This content is for informational purposes only
Trantolo & Trantolo is not currently accepting cases for this lawsuit. Please check in the future for any updates.
When the air seems damp in your home and you’re concerned about mold building up, adding a dehumidifier looks like a logical move. Yet, in the case of two recent recalls, setting up these devices caused more destruction than unchecked moisture can. Particularly, the dehumidifiers generated smoke or caught fire, subsequently resulting in millions of dollars in damage.
Gree Dehumidifier Recalls
Going as far back as 2013, Gree Electric Appliances of China announced a recall of its models, which are sold through various better-known brands in the U.S. In conjunction with the Consumer Product Safety Commission, the manufacturer released an extended recall in fall 2016. To date, Gree’s dehumidifiers have generated 450 adverse reports, and the damage caused has increased from about $4.5 million to $19 million.
For this recent recall, the fourth to date, the CPSC fined Gree $15.45 million in March, claiming the company failed to report incidents of fires and knowingly misrepresented its products by putting UL safety marks on items not meeting these standards.
In the U.S., about 2.5 million units manufactured by Gree are being recalled for potential fire hazards, overheating, and smoke generation, which could damage homes and properties. The risks increase when the device overheats, which is a possibility when the dehumidifier is left on for hours at a time.
The list of recalled products encompasses 20-, 25-, 30-, 40-, 45-, 50-, 65-, and 70-pint models sold under brands Danby, De’Longhi, Fedders, Fellini, Frigidaire, GE, Gree, Kenmore, Norpole, Premiere, Seabreeze, SoleusAir, and SuperClima. The devices were typically sold at a range of big-box retailers, as well as on Amazon and eBay, from 2005 through 2013. If you’re unsure about whether you have a recalled dehumidifier, models have both the brand and pint capacity printed on the front.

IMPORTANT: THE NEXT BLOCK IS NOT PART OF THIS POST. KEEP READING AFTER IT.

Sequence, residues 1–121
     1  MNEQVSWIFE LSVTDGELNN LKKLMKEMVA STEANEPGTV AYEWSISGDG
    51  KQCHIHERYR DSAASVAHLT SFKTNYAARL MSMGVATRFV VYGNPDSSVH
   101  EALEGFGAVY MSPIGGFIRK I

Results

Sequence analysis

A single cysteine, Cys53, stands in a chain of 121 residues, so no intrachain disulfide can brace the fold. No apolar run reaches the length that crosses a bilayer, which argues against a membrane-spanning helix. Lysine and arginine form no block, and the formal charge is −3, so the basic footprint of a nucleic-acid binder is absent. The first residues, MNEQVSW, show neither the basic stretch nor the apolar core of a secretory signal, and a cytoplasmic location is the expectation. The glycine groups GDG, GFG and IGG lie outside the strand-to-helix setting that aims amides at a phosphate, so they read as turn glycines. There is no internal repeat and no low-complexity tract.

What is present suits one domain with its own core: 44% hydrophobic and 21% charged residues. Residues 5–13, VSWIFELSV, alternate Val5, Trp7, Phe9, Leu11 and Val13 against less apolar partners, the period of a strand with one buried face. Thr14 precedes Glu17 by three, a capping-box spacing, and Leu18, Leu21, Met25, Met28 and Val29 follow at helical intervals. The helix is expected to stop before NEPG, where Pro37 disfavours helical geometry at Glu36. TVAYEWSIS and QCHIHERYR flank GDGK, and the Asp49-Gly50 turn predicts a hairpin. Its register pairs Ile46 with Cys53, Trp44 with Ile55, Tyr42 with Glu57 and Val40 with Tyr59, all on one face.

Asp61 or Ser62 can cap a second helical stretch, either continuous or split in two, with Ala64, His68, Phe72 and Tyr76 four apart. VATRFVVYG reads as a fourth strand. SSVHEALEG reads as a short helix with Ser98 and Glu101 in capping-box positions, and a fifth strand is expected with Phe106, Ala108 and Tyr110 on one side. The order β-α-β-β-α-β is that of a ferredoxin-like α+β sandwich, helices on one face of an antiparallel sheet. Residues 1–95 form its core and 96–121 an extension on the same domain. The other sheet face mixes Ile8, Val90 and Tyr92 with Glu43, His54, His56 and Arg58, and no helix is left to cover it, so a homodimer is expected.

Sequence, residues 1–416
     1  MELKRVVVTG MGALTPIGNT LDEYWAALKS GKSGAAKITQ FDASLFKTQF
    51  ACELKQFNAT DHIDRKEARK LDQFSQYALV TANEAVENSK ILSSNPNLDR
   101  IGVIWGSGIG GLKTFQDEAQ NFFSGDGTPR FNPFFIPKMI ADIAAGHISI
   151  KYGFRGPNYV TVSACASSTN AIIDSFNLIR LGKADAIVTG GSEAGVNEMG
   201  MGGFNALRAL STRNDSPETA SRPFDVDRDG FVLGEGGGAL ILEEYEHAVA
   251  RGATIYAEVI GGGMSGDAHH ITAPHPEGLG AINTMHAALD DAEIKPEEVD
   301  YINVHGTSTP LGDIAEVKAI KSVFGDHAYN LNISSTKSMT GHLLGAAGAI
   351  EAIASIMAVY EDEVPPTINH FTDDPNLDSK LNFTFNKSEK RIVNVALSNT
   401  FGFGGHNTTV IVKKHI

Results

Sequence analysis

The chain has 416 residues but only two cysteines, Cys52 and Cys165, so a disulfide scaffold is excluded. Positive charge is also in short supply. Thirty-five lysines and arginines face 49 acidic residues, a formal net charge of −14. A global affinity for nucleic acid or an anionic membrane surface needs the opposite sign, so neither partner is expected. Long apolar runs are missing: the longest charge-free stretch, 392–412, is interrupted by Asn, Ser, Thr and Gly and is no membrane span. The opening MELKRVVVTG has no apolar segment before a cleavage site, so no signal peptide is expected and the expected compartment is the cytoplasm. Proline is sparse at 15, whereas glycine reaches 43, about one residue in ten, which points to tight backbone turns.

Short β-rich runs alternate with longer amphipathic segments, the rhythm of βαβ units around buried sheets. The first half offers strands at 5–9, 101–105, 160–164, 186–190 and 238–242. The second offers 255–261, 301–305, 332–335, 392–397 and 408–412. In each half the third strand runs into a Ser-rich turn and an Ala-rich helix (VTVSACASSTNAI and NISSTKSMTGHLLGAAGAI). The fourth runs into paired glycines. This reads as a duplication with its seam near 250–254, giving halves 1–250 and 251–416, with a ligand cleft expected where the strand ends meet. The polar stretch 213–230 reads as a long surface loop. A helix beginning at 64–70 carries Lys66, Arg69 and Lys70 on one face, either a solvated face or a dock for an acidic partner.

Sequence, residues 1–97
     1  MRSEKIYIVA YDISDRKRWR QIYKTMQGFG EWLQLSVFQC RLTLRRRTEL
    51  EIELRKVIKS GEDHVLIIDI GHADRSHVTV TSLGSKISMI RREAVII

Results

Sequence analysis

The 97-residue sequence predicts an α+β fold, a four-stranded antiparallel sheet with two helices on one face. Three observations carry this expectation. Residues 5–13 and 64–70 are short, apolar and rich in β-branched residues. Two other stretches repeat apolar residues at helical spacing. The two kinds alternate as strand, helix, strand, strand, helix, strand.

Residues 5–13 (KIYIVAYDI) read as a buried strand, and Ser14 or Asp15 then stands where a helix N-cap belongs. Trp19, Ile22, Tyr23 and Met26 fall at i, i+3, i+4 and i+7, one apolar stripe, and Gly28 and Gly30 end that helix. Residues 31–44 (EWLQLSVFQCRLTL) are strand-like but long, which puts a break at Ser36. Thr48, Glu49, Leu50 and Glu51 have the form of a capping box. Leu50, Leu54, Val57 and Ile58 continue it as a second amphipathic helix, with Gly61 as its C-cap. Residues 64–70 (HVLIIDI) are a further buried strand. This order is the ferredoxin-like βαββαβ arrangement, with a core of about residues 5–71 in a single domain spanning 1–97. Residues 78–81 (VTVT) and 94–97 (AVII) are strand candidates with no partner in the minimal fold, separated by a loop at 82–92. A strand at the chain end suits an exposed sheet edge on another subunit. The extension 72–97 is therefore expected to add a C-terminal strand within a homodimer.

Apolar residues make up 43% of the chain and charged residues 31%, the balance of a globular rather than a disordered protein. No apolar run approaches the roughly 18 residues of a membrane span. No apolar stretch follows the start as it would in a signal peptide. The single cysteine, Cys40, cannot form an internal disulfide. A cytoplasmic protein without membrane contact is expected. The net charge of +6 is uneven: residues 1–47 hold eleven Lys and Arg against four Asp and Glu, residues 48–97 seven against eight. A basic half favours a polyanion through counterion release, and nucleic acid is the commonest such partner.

Even if your device hasn’t caused a fire, the CPSC recommends that consumers reach out to the brand for a return kit and instructions.
As a result of Gree’s multiple recalls, consumers and even the brands have started filing lawsuits. Soleus International took this move in 2013; after the manufacturer reported the dehumidifiers’ defects to U.S. regulators, Gree pressured the brand to hide consumer complaints and then retaliated against the company when it didn’t.
Additionally, consumers allege Gree had been aware of the products’ defects but didn’t issue a warning in time. Further, after the earlier recalls, those who attempted to get a refund from Gree claim they experienced delays, never received enough to purchase a new dehumidifier, and had to pay recycling fees to get rid of the defective system.
GD Midea Recall
In a similar scenario, another Chinese-based manufacturer, GD Midea, had to recall 3.4 million of its units, which caused about $4.8 million in property damage due to smoke and fire hazards. To date, GD Midea’s products have received 38 negative reports.
Like Gree’s dehumidifiers, these units were sold at U.S. big-box stores from 2003 through 2013. Those recalled include 25-, 30-, 40-, 50-, 60-, 65-, and 70-pint models sold under a long list of brands: Airworks, Alen, Arcticaire, Arctic King, Beaumark, Coolworks, ComfortAire, Comfort Star, Continental Electric, Crosley, Daewoo, Danby, Danby & Designer, Dayton, Degree, Diplomat, Edgestar, Excell, Fellini, Forest Air, Frigidaire, GE, Grunaire, Hanover, Honeywell, Homestyles, Hyundai, Ideal Air, Keystone, Kul, Midea, Nantucket, Ocean Breeze, Pelonis, Perfect Aire, Perfect Home, Polar Wind, Premiere, Professional Series, Royal Sovereign, Simplicity, Sunbeam, SPT, Sylvania, TGM, Touch Point, Trutemp, Uberhaus, Westpointe, Winix, and Winixl.
For this recall, consumers are advised to contact the manufacturer for a replacement unit or a refund.